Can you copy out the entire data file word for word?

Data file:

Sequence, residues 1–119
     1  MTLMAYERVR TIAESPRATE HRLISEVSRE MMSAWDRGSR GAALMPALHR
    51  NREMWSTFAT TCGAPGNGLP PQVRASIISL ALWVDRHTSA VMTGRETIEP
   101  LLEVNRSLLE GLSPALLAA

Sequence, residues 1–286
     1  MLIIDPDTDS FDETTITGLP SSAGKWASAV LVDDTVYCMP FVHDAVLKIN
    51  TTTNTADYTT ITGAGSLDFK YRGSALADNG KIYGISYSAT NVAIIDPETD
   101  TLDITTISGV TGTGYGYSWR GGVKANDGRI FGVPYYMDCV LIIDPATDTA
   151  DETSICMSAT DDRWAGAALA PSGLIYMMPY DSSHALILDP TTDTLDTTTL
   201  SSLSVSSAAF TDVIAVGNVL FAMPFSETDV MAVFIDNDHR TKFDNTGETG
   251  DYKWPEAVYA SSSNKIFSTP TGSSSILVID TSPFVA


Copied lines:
Sequence, residues 1–119
     1  MTLMAYERVR TIAESPRATE HRLISEVSRE MMSAWDRGSR GAALMPALHR
    51  NREMWSTFAT TCGAPGNGLP PQVRASIISL ALWVDRHTSA VMTGRETIEP
   101  LLEVNRSLLE GLSPALLAA

Sequence, residues 1–286
     1  MLIIDPDTDS FDETTITGLP SSAGKWASAV LVDDTVYCMP FVHDAVLKIN
    51  TTTNTADYTT ITGAGSLDFK YRGSALADNG KIYGISYSAT NVAIIDPETD
   101  TLDITTISGV TGTGYGYSWR GGVKANDGRI FGVPYYMDCV LIIDPATDTA
   151  DETSICMSAT DDRWAGAALA PSGLIYMMPY DSSHALILDP TTDTLDTTTL
   201  SSLSVSSAAF TDVIAVGNVL FAMPFSETDV MAVFIDNDHR TKFDNTGETG
   251  DYKWPEAVYA SSSNKIFSTP TGSSSILVID TSPFVA